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Wireless Security: Is Your Company
As wireless use increases, companies that deploy corporate Wireless Local Area Networks
(WLANs) open new dimensions of security vulnerability. Clearly, these companies need to address
wireless security management as part of their overall security policies and architecture.
What'se surprising - and potentially more dangerous - are the security issues for companies that
decide not to implement WLANs. The irony is that some companies choose not to implement a
WLAN because they perceive that wireless is too risky, and they discover that this can be the most
damaging security mistake of all.
The problem usually begins without malicious intent. Eager for increased mobility, employees can
buy readily available wireless access points at any computer store. Someone who scans for
unprotected networks can use these devices to attempt to access corporate environments. Also,
when these wireless access points are attached to corporate LANs, the entire corporate network can
be exposed. Often, quot;information trespassersquot; don't even need to try to crack any encryption. By
default, most commercially available access points are completely open.
It's important to understand that wireless isn't a fad; it's an unavoidable new part of the
communications landscape. Wireless connectivity has the potential to dramatically improve the
productivity of mobile professionals, sales personnel, and field service technicians. By removing
the procurement costs and effort of laying cable, it can substantially reduce network deployment
expenses. Yet the benefits can easily be overshadowed by a single breach in security introduced,
officially or unofficially, with the new technology.
Regardless of whether a company intends to implement a wireless LAN, it's imperative that
wireless connectivity be a component of their security policies and procedures. They must include
constant monitoring (either manually or with automated tools) of the airwaves for unauthorized
A Range of Risks and Vulnerabilities
While wireless has unique security aspects and industry standards, a WLAN isn't an island, it's part
of an overall corporate information system. This relationship is also the source of much of the risk.
A rogue access point - or an unsecured access point on a corporate WLAN - is a hole that gives
potential access to anyone who discovers it. It's not just the data being transmitted via wireless that's
at risk. The trespasser can tap into the entire corporate network and could possibly read or tamper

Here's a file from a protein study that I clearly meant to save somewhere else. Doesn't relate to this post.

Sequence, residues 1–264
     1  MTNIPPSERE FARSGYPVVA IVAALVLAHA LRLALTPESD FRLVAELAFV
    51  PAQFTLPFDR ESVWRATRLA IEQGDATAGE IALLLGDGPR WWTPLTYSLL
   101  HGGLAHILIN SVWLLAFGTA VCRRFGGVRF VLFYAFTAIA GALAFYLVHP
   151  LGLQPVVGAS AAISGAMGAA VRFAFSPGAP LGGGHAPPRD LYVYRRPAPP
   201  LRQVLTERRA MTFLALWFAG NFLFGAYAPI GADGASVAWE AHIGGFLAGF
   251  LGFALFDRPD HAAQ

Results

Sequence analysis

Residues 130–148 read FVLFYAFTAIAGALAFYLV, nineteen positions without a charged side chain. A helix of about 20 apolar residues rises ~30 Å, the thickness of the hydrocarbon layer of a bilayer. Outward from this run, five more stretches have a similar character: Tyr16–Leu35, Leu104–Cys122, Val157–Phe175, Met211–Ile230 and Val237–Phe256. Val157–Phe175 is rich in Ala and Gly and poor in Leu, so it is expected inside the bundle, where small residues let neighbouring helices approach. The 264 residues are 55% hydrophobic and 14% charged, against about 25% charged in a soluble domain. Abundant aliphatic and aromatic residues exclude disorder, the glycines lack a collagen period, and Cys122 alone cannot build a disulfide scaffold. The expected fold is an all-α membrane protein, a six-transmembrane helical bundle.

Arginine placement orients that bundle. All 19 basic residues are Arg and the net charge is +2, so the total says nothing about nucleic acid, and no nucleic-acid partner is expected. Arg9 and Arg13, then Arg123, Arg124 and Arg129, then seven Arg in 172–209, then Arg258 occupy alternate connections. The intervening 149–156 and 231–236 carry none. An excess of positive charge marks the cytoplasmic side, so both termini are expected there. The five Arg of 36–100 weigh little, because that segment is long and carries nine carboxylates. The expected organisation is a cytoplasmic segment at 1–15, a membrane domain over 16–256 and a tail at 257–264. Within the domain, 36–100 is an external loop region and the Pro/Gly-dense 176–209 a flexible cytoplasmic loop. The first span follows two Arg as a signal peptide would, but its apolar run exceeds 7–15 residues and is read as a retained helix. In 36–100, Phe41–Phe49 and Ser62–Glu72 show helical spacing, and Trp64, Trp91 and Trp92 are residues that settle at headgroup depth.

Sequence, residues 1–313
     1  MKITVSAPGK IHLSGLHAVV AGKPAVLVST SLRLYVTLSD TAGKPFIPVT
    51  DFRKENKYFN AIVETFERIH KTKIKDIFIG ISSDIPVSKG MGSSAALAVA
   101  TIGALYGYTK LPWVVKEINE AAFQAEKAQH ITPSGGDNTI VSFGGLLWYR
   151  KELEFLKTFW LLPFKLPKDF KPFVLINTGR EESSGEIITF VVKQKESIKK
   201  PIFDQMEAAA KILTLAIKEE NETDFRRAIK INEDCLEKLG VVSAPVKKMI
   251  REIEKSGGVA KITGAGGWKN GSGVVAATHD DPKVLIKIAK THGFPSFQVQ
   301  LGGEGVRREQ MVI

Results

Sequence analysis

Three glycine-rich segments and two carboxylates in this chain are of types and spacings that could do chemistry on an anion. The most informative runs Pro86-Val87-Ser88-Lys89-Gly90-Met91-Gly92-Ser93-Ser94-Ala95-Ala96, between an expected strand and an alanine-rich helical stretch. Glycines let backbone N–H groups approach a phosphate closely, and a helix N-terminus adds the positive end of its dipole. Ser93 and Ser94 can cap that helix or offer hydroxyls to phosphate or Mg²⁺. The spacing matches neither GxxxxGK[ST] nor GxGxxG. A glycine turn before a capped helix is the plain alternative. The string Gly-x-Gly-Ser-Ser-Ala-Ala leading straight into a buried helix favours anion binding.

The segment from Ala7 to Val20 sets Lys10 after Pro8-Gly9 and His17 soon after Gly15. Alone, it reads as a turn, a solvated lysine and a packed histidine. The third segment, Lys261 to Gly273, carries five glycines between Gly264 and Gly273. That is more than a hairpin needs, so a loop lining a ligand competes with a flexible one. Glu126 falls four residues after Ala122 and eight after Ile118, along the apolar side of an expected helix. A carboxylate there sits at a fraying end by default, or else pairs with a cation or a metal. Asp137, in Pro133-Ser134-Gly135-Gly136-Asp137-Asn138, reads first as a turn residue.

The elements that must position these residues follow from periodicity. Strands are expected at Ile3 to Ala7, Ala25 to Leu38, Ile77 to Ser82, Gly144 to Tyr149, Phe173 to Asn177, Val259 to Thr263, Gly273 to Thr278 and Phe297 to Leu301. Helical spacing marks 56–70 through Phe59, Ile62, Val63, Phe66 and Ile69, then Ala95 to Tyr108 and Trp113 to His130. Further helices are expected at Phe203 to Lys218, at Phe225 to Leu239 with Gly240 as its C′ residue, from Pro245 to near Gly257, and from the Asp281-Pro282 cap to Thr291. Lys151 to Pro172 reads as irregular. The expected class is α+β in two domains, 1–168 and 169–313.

with any data. Thus, the security risk covers all corporate data, including confidential financial
materials, e-mails, sales information, unfiled patents, and cached passwords.
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Unlike fixed desktops, which are typically only used on the corporate network, mobile devices are
frequently used on publicly accessible networks. Users will connect their laptops and PDAs on
mobile networks or use them to download their mail or surf the Web. Outside the perimeter of the
IT infrastructure, these devices are exposed to a greater range of viruses and worms and, once
infected, can introduce them into the private LAN.
Besides entry to a corporate network via a rogue access point, improper configuration, or by
cracking the WEP [Wired Equivalent Privacy] encryption on a WLAN, access can be provided
through a wireless device that gets into the wrong hands through loss or theft. If it has an active
connection, or cached user credentials, the new owner can easily access private applications and
The first step to take to avoid these and other risks and vulnerabilities is to do a thorough evaluation
of corporate security, including wireless.
The Essential Security Evaluation
For an existing WLAN, or one in the planning stages, a number of key factors must be evaluated
before deciding the security approaches that are needed. These factors include:
Network topology and infrastructure
Types of users and requirements
Applications to be supported
Value of the data (and financial impact if compromised)
Existing security management solutions and policies across the organization
Existing standards support
Building structure and other devices in use or transmissions occurring in the vicinity (for
potential of interference and to determine required bandwidth)
Cost analysis is a key element. The value of the data, and the financial impact if compromised, must
be balanced against the price of combinations of security measures.
User convenience and speed of access must also be evaluated. Clearly, a major goal in creating a
WLAN is the freedom and flexibility of mobile access to enhance business productivity. Some very
stringent security measures could be self-defeating if users fail to cooperate because they are
complex or time-consuming.
To ensure that a corporate WLAN remains secure, an automated assessment or security
management solution is a fundamental requirement. For wireless-free environments, a regular
assessment based on company security policies is the minimum requirement, and an automated
assessment solution can assist in maintaining a wireless-free environment.
Until fairly recently, WEP (Wired Equivalent Privacy) was insufficient to encryp WLANs,.
Knowing this some businesses avoided wireless, not understanding that there are many ways to
deploy wireless security and maintain a secure WLAN.